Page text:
“Self-driving cars represent the moon shot for artificial intelligence and machine learning,” said Sen. Gary Peters, D-Mich., a co-sponsor of the bill. “When (autonomous vehicles) can pilot through a city like Washington, D.C., using (artificial intelligence), that means that AI is ready for prime-time in every single industry in America. It will change everything in this country.”

Peters and other lawmakers bullish on the technology are aiming to move the START Act to the Senate floor by the end of the summer. The bill passed the Senate Commerce Committee by voice vote last fall.

In March, Uber and Waymo wrote a joint letter urging the Senate to pass the bill. The companies argued that it would “protect against a patchwork of regulations that could only delay or complicate the deployment of this important technology.”

Facing legislative uncertainty on the federal level, many states have begun to create their own regulations for autonomous vehicles. According to the National Conference of State Legislatures, 29 states and Washington have enacted legislation related to driverless cars.

In Florida, autonomous vehicles can legally operate on public roads without a driver present. In 2015, Gov. Doug Ducey of Arizona signed an executive order establishing safety guidelines for the testing of autonomous vehicles and enabling pilot testing programs. The Republican governor updated the order earlier this year to specify that driverless cars must comply with state traffic and safety laws, among other requirements.

But a coalition of lawmakers and consumer advocates warns that the measures leave the public at risk. They worry that the bills fail to protect passengers from hackers, who could conceivably tap into the systems that control the cars and cause chaos. They also say the bills lack a standard “vision test” to ensure that computer vision systems can properly perceive and react to unexpected obstacles, much in the way that passing a vision test is required to obtain a driver’s license.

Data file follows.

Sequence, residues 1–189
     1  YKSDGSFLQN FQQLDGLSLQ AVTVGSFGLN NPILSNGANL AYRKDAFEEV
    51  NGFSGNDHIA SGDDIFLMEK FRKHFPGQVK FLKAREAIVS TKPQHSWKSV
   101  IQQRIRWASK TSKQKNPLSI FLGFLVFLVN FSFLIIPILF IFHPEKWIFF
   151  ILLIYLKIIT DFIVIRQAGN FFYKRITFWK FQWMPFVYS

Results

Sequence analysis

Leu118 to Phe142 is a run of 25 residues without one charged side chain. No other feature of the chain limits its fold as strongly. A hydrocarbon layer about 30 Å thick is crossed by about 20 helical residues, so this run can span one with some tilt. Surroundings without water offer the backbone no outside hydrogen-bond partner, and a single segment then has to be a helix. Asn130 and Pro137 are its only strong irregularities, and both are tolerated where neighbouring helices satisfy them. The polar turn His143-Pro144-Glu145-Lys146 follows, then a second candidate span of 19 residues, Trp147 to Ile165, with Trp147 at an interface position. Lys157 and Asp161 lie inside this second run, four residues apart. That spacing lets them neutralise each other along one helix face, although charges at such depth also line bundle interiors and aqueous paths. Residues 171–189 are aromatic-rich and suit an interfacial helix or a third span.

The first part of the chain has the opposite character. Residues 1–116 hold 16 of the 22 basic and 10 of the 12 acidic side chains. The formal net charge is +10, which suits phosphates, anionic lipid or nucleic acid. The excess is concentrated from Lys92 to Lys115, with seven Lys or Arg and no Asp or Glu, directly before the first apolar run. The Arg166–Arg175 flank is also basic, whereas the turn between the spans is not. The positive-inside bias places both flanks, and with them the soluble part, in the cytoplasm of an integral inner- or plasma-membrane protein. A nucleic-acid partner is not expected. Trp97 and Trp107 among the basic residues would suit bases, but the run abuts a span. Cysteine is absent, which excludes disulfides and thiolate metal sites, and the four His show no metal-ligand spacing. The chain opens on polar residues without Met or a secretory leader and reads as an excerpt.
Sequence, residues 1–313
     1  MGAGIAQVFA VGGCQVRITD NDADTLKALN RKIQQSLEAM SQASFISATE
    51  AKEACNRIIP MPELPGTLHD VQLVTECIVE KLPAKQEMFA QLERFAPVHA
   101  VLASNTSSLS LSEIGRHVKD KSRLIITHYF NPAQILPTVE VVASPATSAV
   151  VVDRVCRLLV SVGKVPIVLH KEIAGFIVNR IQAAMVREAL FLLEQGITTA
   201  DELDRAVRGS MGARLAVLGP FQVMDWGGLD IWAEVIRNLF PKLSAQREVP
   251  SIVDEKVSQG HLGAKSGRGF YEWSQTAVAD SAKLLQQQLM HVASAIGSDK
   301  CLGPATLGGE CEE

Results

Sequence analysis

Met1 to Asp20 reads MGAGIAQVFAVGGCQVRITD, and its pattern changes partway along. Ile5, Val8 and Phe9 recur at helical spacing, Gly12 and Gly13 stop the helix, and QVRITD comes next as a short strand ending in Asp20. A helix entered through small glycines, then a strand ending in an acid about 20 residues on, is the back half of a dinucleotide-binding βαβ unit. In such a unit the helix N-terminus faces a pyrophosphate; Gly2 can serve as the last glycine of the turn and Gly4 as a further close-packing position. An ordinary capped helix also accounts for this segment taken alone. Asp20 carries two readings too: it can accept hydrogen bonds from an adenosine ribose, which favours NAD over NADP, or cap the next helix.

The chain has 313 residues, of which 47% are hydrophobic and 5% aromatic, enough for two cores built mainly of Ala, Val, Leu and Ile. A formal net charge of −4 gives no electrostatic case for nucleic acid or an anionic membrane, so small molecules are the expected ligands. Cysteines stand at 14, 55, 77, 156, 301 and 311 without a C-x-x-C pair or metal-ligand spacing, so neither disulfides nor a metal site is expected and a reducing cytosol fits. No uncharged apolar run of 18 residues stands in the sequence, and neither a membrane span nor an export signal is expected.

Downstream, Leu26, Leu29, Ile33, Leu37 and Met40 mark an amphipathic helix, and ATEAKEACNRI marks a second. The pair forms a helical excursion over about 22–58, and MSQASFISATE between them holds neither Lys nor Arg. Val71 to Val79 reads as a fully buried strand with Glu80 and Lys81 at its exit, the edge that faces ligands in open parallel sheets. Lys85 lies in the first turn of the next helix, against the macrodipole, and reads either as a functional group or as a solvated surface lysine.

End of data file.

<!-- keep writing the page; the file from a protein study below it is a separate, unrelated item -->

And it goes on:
A March letter drafted by five Democratic senators _ including Feinstein, who represents many tech companies _ warned that the Senate bill “indefinitely preempts state and local regulations even if federal safety standards are never developed.” While the bill addresses the deployment of high-level automated vehicles, they wrote, it does not set adequate standards for partially automated vehicles, which have been involved in recent accidents.

In a recent statement, Feinstein said the concerns she outlined in March, particularly concerning public safety and the preemption of state laws, have yet to be adequately addressed. “I’ll continue to oppose this legislation until those issues are fixed,” she said.

Some critics say it would be preferable to pass nothing for now.

Jason Levine, executive director of the Center for Auto Safety, said that since the wide-scale adoption of autonomous vehicles is still a long way off, “the rush to get a bill passed seems like a very in-the-Beltway development.”

The safety concerns are emerging even as one of the biggest selling points of driverless technology is its potential to save lives and eliminate traffic congestion. Driverless cars could follow each other on the highway at 70 miles per hour with just 2 feet of spacing between them, said Jerry Kaplan, an artificial intelligence expert and adjunct professor at Stanford University. That could potentially triple the capacities of highways while reducing accidents and the cost of insurance.

But gnawing at Congress is how widely to allow testing on public roads, where lives are put at risk.

“Doing testing is important, but the American public should not be used as guinea pigs, forced to participate in tests they did not agree to,” said Missy Cummings, a professor of mechanical engineering at Duke University.

John Simpson of the Los Angeles-based Consumer Watchdog said California initially had regulations in place that required a “safety driver” who could take over an autonomous vehicle in the case of emergency. But new regulations allow for the testing of completely driverless vehicles. Still, unlike in other states, California companies testing self-driving cars are required to file crash and disengagement reports with the Department of Motor Vehicles.

“The regulations in California are too weak already, but at least we have something,” Simpson said. “Many companies testing now have gone to Arizona because there are virtually no regulations there.”

Experts say it will be a long time before autonomous vehicles are available at local dealerships, and many technological issues remain to be resolved.

“The reality is, we’re much closer to autonomous vehicles than we were 20, 30 years ago,” said Jason Levine of the Center for Auto Safety. “But right around the corner? That’s a pretty long corner.”

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Makers of driverless cars want Congress to free them from state safety standards